H. M. Hoover Writing Styles in A Place in the Woods

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Perspective

Hoover's perspective is that of a world-weary urbanite-turned-naturalist, who has thrown off the shackles of a mechanized and clock-and-calendar world. There is a sense that she has not chosen a new lifestyle so much as she has escaped her old one. The early portions of the novel concern themselves with the Hoovers' gaining a foothold in their new lifestyle with the perspective being inflected by the need for safety and stability. As the story evolves, the focus shifts to one of cleansing as the Hoovers rid themselves of the last vestiges of their previous mindset.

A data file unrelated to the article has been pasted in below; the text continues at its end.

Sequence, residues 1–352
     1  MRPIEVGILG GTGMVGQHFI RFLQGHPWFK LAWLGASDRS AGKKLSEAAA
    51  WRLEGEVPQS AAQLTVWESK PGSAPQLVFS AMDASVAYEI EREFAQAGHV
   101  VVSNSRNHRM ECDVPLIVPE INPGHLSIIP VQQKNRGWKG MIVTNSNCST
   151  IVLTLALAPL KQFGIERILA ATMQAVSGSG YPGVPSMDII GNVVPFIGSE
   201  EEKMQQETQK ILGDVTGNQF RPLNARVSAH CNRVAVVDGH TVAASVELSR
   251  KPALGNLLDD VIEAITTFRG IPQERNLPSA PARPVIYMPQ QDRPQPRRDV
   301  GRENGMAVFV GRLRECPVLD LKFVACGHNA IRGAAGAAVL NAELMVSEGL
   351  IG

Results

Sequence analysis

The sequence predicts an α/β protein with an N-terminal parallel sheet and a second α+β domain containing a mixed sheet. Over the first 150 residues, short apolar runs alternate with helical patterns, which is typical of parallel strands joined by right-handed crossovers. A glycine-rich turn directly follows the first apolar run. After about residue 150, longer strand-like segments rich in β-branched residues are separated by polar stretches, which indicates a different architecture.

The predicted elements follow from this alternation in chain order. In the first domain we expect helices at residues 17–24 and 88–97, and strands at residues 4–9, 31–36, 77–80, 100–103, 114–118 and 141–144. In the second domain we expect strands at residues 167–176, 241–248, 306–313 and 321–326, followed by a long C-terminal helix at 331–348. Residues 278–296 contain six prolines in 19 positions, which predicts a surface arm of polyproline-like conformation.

Naturalism is presented as a more genuine way of being, something more akin to how mankind was intended to live. Civilized life is characterized as having a once-removed quality that insulates mankind against negative consequences. In Chicago, the Hoovers functioned as cogs in a machine as their talents serve as means to a...

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This section contains 808 words
(approx. 3 pages at 400 words per page)
Buy the A Place in the Woods Study Guide
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